Music wasn’t a major factor in the movie, but the score showed reasonable reproduction. While the music lacked much range, it wasn’t shrill or problematic. Effects seemed the same, as they appeared thin but acceptably accurate given their age. No problems with source flaws materialized, so don’t worry about noise or pops. All of this was good enough for a “C+” based on the movie’s age.

Because Death came as part of a 14-film, five-disc set, I didn’t give it a grade for bonus materials. The package spreads these across all of those platters, and only a few are film-specific, so I didn’t think it was fair to issue individual marks for extras.

We do find an audio commentary for Death. Author David Stuart Davies provides a running, screen-specific look at the ongoing series and the film’s place in it, story/script/adaptation issues, cast, characters and performances, sets, music, and props, and some period elements.

Like Davies’ commentary for Hound of the Baskervilles, this one occasionally sags. However, the slow moments occur less frequently, and Davies continues to deliver quite a lot of good information. He ensures an interesting and enjoyable chat.

Found on Disc One of this package, we get an Introduction by Robert Gitt. In this four-minute, 38-second piece, Gitt discusses the efforts that went into the restoration of the Universal Holmes flicks. Gitt gives us a good look at some of the challenges he and his team encountered.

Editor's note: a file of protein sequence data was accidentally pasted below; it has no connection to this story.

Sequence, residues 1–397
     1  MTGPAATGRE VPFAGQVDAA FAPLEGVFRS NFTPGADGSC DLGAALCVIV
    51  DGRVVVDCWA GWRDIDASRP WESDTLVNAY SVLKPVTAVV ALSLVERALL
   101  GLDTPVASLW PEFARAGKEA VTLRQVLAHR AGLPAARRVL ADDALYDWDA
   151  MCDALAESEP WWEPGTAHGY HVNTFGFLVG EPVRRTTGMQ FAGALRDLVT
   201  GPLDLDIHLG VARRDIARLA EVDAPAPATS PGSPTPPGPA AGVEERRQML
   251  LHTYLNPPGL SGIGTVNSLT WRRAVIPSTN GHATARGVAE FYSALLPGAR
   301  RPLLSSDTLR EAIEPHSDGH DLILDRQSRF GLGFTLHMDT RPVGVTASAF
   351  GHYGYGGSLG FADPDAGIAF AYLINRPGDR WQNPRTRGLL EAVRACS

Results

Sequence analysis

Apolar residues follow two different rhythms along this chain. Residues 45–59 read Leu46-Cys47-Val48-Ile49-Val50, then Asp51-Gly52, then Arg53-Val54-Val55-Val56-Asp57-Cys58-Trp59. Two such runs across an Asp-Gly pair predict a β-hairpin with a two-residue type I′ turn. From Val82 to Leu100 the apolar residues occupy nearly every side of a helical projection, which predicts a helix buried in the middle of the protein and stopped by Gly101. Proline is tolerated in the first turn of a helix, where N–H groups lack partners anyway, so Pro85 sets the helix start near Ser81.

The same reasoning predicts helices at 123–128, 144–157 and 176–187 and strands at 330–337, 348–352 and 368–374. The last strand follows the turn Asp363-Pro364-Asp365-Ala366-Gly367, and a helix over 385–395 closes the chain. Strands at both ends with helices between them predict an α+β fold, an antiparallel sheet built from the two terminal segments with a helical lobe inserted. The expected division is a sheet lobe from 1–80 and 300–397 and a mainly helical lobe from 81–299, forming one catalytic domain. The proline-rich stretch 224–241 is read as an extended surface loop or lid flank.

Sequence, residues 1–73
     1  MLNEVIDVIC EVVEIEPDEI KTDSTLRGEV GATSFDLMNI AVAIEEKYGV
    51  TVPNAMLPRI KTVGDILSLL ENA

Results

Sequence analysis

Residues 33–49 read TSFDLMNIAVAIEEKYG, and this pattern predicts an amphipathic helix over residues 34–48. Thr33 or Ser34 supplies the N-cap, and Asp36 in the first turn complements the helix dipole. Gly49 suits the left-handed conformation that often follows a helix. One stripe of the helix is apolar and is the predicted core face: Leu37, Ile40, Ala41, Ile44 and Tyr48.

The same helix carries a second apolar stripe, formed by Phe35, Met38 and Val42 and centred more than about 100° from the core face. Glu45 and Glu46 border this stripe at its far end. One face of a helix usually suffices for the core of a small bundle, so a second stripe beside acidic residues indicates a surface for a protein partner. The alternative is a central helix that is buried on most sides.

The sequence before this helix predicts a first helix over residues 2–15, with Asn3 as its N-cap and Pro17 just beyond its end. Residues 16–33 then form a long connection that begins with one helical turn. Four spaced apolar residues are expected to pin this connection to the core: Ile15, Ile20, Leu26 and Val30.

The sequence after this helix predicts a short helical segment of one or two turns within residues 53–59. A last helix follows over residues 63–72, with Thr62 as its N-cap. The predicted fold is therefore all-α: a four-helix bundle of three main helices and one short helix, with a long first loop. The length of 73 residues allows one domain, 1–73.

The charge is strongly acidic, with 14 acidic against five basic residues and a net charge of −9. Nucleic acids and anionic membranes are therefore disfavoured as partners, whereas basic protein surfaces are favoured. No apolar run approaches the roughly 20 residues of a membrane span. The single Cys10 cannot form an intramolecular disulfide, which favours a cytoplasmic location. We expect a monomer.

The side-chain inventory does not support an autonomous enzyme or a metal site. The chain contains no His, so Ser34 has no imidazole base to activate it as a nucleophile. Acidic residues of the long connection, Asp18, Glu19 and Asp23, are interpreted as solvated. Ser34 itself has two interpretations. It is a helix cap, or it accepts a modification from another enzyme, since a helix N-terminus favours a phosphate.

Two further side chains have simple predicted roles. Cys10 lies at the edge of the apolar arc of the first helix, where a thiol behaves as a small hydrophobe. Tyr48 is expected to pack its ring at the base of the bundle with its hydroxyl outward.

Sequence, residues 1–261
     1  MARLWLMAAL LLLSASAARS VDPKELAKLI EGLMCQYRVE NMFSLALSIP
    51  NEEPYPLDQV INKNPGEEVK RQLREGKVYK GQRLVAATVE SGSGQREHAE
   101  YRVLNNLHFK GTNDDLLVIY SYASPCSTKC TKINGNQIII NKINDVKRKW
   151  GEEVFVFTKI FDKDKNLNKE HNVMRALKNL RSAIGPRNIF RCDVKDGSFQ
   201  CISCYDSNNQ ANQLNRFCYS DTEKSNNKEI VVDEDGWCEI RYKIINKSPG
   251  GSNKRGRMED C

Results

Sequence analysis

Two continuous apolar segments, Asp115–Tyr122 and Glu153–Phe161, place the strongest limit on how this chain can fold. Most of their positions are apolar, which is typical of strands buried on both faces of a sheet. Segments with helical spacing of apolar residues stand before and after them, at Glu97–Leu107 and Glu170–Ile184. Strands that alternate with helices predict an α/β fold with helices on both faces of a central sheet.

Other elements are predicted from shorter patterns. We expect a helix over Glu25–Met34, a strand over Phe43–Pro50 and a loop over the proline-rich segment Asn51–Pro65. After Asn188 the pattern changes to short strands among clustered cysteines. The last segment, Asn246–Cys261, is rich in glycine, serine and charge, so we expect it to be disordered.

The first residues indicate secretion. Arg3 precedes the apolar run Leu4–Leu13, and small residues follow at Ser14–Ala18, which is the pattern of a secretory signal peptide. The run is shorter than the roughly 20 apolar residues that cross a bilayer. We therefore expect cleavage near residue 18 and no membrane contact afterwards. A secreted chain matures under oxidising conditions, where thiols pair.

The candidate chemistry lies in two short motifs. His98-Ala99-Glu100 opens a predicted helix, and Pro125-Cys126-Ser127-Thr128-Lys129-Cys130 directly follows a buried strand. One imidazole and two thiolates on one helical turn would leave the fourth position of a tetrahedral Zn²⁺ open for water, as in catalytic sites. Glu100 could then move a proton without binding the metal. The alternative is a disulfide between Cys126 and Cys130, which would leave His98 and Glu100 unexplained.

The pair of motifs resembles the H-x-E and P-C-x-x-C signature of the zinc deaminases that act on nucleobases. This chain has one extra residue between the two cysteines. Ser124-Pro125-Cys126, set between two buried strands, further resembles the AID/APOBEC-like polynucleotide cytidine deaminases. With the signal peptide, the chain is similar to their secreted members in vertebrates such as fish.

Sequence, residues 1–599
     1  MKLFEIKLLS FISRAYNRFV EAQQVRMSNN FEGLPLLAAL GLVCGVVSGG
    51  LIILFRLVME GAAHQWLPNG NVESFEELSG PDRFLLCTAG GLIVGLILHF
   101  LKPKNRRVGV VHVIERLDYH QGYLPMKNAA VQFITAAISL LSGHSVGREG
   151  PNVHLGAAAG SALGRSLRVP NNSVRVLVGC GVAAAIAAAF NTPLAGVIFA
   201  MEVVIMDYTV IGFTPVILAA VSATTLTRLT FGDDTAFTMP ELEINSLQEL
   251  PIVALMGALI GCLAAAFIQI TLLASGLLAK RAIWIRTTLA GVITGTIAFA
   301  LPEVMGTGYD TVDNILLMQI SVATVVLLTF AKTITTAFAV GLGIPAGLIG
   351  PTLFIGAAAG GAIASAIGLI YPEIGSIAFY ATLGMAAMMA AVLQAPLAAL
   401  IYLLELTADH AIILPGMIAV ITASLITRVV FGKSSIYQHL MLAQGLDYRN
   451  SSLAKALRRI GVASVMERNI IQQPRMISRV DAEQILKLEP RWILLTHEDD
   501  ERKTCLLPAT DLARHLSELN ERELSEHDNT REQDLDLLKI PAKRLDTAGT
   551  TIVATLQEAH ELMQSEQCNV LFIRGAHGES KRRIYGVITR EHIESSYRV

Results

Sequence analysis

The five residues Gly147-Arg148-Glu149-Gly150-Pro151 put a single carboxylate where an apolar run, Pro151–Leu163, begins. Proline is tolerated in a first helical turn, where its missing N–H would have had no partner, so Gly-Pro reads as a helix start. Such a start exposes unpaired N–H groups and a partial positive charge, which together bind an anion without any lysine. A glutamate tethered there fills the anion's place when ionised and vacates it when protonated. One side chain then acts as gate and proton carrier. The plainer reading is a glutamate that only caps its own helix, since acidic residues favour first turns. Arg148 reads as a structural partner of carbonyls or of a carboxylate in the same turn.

Disc Five offers a few more bonus materials, and we find five Photo Galleries. Each one shows a running montage of stills accompanied by music; they run two minutes, 35 seconds apiece. We see posters and photos from the flicks. These are mildly interesting but not particularly memorable.

Next we discover a compilation of trailers. We locate promos for The Spider Woman, The Scarlet Claw, The Pearl of Death, House of Fear, Terror By Night and Dressed to Kill. They’re in awful shape, but they’re still fun to see.

Footage of Sir Arthur Conan Doyle comes from a newsreel that appeared at the time of his death. This one-minute, 16-second clip gives us a little of Doyle as he talks about his work on the series. He doesn’t tell us much, but it’s nice to have a look at the man behind the legend.

With a spooky setting and a concise mystery plot, Sherlock Holmes Faces Death turns into a winning tale. It comes with the usual fine performances from its leads and a particularly brisk, involving story to keep us with it. The Blu-ray offers flawed visuals and acceptable audio as well as a useful audio commentary. I wish the presentation impressed me more, but at least I like the movie a lot.

Viewer Film Ratings: 4 Stars Number of Votes: 1